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Coughing Dogs Everywhere!!


Paper Trained


Scott Sandeman, D.V.M.


     During summer and holiday boarding season’s, outbreaks of infectious tracheobronchitis or canine cough are likely to occur.  Pets housed in close quarters allow this highly infectious respiratory disease to spread. The disease may be caused by any number of viruses, the bacteria Bordetella and what is considered an atypical virus, mycoplasma.  The resulting infections can cause severe coughing. Some pets may become lethargic or develop other signs of a respiratory disease like a discharge from their eyes or nose. In a few cases, pneumonia can develop. Vaccinations to protect from many of these causes is widely available and should be required of all pets that board or visit areas other dogs may congregate i.e. dog parks. Vaccines may not always be 100% as they cannot cover all the organisms that cause canine cough but will offer some protection and can minimize the severity of the disease.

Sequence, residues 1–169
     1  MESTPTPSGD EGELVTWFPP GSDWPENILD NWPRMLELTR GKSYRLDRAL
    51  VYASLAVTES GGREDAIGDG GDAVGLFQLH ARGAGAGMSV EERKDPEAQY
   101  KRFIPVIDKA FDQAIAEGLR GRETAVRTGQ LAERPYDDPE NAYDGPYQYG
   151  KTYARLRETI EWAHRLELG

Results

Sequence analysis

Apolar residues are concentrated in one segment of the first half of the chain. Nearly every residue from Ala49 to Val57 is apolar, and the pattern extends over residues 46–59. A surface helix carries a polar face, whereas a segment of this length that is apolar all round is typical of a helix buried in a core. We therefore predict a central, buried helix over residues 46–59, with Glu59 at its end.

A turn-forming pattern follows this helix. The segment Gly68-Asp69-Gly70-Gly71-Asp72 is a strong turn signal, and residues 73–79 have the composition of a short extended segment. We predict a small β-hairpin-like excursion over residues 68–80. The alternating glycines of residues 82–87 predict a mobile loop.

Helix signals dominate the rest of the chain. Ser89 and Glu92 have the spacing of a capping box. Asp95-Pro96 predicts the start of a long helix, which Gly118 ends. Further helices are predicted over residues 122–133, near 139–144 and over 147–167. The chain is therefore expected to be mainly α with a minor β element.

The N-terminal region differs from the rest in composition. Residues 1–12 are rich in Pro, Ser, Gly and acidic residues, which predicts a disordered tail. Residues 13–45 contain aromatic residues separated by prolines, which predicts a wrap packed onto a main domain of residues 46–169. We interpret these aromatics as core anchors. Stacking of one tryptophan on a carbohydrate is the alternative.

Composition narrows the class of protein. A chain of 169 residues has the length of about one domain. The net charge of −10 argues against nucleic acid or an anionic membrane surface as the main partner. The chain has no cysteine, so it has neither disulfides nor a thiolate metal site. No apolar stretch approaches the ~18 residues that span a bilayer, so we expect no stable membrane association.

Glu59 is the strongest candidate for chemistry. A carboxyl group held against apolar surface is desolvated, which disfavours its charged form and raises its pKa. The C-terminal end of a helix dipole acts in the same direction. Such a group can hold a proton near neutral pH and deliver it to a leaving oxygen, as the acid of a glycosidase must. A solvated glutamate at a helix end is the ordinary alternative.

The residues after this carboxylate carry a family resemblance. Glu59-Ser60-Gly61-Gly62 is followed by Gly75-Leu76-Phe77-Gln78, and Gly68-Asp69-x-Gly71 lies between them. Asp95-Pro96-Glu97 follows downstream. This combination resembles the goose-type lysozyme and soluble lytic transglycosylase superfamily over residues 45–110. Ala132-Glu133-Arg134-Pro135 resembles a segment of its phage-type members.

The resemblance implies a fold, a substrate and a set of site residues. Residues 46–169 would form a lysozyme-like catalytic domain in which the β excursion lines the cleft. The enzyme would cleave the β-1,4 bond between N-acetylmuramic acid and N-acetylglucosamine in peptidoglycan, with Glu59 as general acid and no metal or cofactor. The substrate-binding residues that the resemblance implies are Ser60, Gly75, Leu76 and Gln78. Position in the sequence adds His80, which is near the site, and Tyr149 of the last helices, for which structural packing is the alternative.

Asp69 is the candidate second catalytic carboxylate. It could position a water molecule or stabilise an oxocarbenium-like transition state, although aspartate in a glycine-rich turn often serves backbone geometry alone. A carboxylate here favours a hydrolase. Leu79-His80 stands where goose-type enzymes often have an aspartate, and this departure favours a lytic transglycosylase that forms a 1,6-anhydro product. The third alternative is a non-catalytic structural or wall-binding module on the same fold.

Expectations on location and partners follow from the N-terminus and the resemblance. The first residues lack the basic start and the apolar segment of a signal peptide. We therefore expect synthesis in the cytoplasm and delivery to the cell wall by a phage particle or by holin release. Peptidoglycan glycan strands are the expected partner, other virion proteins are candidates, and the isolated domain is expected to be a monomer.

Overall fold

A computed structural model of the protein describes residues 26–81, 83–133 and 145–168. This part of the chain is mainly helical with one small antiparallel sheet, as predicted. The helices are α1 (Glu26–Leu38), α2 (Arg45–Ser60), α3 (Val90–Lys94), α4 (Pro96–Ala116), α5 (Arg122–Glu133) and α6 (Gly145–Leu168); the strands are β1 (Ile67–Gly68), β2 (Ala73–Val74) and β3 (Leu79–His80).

While treatment for this disease may vary slightly from veterinarian to veterinarian, some general rules should be followed.  Because this disease is often caused by a viruses or atypical viruses, antibiotics that aren’t effective against these agents should be avoided.   Antibiotic resistance is a worldwide concern and should only be prescribed judiciously. Some veterinarians will reserve them for patients that are very young, have a fever or some other evidence that a bacterial component is involved.   Owners can assist the healing process and minimize the risk of more serious complications by making sure their pet receives good nutrition, has access to plenty of fresh water and their activity is minimized. High energy play times and even neck collars can stimulate more coughing and exacerbate the illness.  For many pets, a prescription of a mild cough suppressant can help pet and owner rest and get through the illness.

    Remember to keep your pet adequately vaccinated especially if your 


holiday plans including boarding and take into account that , vaccines may 


take 4-7 days to establish immunity-now is good time to check with your 


veterinarian to make sure your dog is protected. 


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